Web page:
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Obsessive Compulsive behavior

I've recently become concerned with the way my two year old is acting. He has always liked to play repetitive games, but in the last few months he has developed VERY strict "rules" for his games - insisting that the person playing does things in an exact way (when pushing a car, TWO hands must be used, you must repeat exactly what he says at a certain time, or sit in a particular place), or there is crying and tantrums. His rules never change - they've stayed consistent for months, so it isn't like its just a "control" thing". And he has become obsessed w/ having his hands clean. If he takes one bit of food, I must wipe his hands after, or he tantrums and cries about being sticky, even if he isn't. At bedtime, he jerks his neck in a particular way till he falls asleep. I'm worried he is showing signs of early OCD - does anyone have experience w/ this in young children? Are his quirks actually symptoms, or just quirks?

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Asked by Anonymous at 9:49 PM on Nov. 6, 2009 in Toddlers (1-2)

Answers (12)
  • I think that age is too young for OCD behaviors........Is it possible that it is a mild form of autism?

    Answer by Anonymous at 9:52 PM on Nov. 6, 2009

  • This sounds like my Autistic son.

    Answer by NightPhoenix at 9:53 PM on Nov. 6, 2009

  • OP - I've considered autism, but he has no other signs of it. He does very well with eye contact, has concern for others and is very good with social skills like hugs and kisses and saying please and thank you. He has an outstanding vocabulary and is very easily understood when speaking...

    Answer by Anonymous at 9:54 PM on Nov. 6, 2009

  • the autistic spectum has a very wide range, you might want to discuss it with his ped. it could also just be an extreme "just so" stage

    Answer by gypsymama532 at 10:17 PM on Nov. 6, 2009

  • this sounds similar to my son, who was diagnosed with PDD (pervasive developmental disorder) when he was 4. it is on the autism spectrum. I also threw out autism at first because he has great eye contact, very loving and great with communication. Does he do any toe walking or arm/hand fidgeting or flapping?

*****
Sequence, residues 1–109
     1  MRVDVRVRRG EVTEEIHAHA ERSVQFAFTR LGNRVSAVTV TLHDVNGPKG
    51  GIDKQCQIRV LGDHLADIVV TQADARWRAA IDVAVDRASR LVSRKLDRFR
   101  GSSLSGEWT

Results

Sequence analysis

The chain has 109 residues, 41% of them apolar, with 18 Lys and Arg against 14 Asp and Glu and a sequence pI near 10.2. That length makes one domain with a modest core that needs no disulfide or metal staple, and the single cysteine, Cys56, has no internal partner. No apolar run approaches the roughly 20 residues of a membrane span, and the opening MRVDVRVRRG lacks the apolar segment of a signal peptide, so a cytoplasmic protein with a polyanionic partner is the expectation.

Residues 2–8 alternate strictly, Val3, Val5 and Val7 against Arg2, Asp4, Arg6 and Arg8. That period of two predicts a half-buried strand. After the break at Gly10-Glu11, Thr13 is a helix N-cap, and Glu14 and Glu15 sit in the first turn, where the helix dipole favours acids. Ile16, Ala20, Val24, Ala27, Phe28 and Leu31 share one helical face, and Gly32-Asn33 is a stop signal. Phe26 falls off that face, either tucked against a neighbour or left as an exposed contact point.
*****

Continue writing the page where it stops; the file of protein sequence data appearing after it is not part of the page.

Answer by cmarie1123 at 10:23 PM on Nov. 6, 2009

  • OP - I've done even more research into autism and the symptoms don't seem to fit, except possibly Asperger's. But he isn't clumsy or awkward in social situations - he says hi to everybody, plays with ppl he just met, and likes to meet people. But he IS very talented in certain things - music/rhythm, he knows about 25-30 different types of vehicles and can name them all spontaneously. He knows all his colors (12 of them), can count to 12, and identifies some letters, and he only turned two last week... He seems too advanced for autism, but asperger's includes being especially talented in certain areas...

    Answer by Anonymous at 10:23 PM on Nov. 6, 2009

  • OP - no toe walking. But he does have his fingers crossed all the time... He flaps his arms when he is excited, that just started about three days ago.

    Answer by Anonymous at 10:25 PM on Nov. 6, 2009

  • I have known many autistic children. This does sound like something that should be looked into. The autism spectrum is very varied these days. There are many kids who have mild forms of autism. You asked if these are just quirks or symptoms but did you really want honest answers? We can only say what we have experienced ourselves. However, much more info is needed than what you have offered. Do you play into the tantrums that ensue when he has them because you didn't follow his rules? Or do you ignore them. I have seen many parents that create their own nightmares by the way they indulge their children. Not to say this is your situation. If you feel you have done nothing to reinforce these behaviors than you really should be looking for professional advice - not ours. Especially if you really don't want to hear the answers.

    Answer by Anonymous at 10:30 PM on Nov. 6, 2009

  • FYI - too advanced for autism??? There are many, many autistic people who have amazing talents. I grew up with an autistic child who could read - anything - at the age of two. Nobody taught him how to read (if that would even be possible to do at that age). The point is you really should seek some professional advice so that if he does have autism or aspergers (also on the autism spectrum) you can get him the intervention that is critical for his development. The earlier we start with children who are affected by this the better their future is.

    Answer by Anonymous at 10:37 PM on Nov. 6, 2009

  • My son started and has not stopped lining things up. I feel that this is an attempt to control something. His little life is constantly changing and this is one of the ways he adjusts. He also controls other things.......atleast he always asks nicely 'Mama, will you please be sure to put my milk in the grey cup with the dinosaurs?'

    I think that what your kido is doing is normal. If it starts running his life and yours then he may need alittle help. I recently had to make a very hard decision for my boy, my boy will be evaluated for displaying aggression twords animals.....which i belive this is because he feels out of control and uses the dogs as a outlet. Also, he lives in two homes, Mama and Daddy's. This as ben his life since birth and has never expressed separation anxiety but, i belive this is also apart of not having control.

    (hey, sorry I needed to tell someone about the eval to make it real in my head)

    Answer by Ihatelaundry at 10:48 PM on Nov. 6, 2009

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